“The VAR immediately allows us to trace out the effects of the monetary policy shock on future values of [monthly economic and market variables]…But, because expectations can be measured from the VAR, it also allows us to work out the effects of the monetary policy shock on various financial market risk premia. These include the domestic term premium… the foreign term premium…and the average annualized foreign exchange risk premium over the next m months.”

The impact of non-conventional monetary policy shocks

“The figure [below] shows the effect of the monetary policy shock on the exchange rate at different horizons (all impulse responses are shown out to 60 months)…Expansionary U.S. monetary policy shocks cause the dollar to depreciate significantly. The effect tends to wear off over time, but slowly…The exchange rate effect is significantly positive for at least about a year for all three foreign currencies [considered here, i.e. euro, Japanese yen and British pound].”


“The figure [below] shows the effect of the U.S. monetary policy shock on the foreign interest rates, both three-month and ten-year. For all three countries, the monetary policy shock has little effect on three-month yields, but has a significantly negative effect on ten-year interest rates at short horizons….The estimated instantaneous effect on foreign ten-year interest rates is slightly more than 10 basis points for the United Kingdom and Germany and a bit less for Japan.”


“The figure [below] shows the effect of the monetary policy shock on the expected foreign exchange excess returns at different horizons. The monetary policy shock is estimated to significantly lower the foreign exchange risk premium, at least at some horizons, for both the pound and the euro.”


“We find that monetary policy easings cause the options market to view the prospects for future exchange rate changes as being more skewed in the direction of dollar depreciation… Surprise easings of U.S. policy shift foreign exchange risk- reversals in the direction of dollar depreciation. A risk-reversal is an options position which is long an out-of-the-money call option and short an equivalently out-of-the money put option. It is quoted as the annualized implied volatility on the call option less that on the put option. It is a measure of options-implied skewness… If investors are risk-averse, this in turn might make them want to shift from dollar-denominated to foreign-currency-denominated assets. As investors cannot all do so, in equilibrium the expected return on foreign-currency assets must fall… This is…consistent with our finding that unconventional easing monetary policy surprises lower the foreign exchange risk premium.”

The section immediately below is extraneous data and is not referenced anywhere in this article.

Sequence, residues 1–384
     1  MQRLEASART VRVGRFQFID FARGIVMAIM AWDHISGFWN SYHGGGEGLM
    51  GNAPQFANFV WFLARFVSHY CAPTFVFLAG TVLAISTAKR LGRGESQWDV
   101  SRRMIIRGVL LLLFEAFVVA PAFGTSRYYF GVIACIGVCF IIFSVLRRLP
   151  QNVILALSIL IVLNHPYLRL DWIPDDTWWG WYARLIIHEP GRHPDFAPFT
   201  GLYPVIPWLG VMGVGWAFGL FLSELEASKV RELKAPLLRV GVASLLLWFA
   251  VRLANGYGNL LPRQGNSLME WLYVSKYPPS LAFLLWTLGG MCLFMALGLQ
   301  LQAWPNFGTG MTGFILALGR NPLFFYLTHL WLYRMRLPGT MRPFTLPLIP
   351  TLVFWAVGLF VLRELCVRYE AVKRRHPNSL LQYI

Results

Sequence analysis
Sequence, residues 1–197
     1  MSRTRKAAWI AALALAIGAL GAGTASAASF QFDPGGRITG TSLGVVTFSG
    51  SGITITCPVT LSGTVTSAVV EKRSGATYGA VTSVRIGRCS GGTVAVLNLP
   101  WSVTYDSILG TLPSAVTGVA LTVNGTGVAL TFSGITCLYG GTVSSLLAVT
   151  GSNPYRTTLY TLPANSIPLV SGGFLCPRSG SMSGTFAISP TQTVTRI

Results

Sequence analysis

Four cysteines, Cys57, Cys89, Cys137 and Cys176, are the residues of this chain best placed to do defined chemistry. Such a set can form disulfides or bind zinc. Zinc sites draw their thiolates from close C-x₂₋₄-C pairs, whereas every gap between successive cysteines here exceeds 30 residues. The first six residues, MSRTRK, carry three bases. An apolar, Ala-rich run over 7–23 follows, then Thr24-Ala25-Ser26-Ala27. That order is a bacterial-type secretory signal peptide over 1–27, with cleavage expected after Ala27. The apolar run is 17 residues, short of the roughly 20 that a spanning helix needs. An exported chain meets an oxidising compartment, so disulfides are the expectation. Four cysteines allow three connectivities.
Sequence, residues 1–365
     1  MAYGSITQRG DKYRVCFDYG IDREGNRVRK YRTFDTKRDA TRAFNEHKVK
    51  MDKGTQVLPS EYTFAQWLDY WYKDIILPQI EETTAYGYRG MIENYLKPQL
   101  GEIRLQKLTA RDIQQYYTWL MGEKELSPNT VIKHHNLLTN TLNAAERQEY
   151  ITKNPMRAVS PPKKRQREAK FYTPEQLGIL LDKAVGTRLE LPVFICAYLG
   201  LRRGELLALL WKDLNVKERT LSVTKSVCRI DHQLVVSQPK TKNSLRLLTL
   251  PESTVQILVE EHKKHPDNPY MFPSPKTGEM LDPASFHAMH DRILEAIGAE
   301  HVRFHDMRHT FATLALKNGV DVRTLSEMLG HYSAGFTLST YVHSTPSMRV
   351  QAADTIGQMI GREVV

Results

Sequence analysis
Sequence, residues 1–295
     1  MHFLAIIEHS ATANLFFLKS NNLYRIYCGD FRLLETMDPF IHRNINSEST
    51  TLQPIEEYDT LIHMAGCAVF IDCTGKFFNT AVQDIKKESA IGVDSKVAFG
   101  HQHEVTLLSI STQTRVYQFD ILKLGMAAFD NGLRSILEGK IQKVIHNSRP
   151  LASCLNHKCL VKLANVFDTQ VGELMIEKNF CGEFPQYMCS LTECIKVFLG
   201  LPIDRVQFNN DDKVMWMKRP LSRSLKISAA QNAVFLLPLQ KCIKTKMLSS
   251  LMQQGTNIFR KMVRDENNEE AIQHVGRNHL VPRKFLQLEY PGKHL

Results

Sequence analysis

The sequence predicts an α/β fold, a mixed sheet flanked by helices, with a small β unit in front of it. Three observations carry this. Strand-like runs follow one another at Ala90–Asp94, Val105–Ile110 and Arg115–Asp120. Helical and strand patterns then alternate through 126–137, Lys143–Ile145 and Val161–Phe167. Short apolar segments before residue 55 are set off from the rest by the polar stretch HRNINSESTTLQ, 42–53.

“We took the spread of three-month Eurodollar rates over corresponding maturity Treasury bill rates, the so-called TED spread as a measure of market functioning (high values correspond to heightened demand for the liquidity)…We estimate that a U.S. monetary policy easing surprise (meaning a one percentage point drop in five-year yields bracketing the FOMC announcement) lowers the TED spread by 0.19 percentage points…This represents suggestive evidence that unconventional easing surprises may lower the foreign exchange risk premium, as we define it, via diminished demand for the liquidity of short-term U.S. Treasuries.”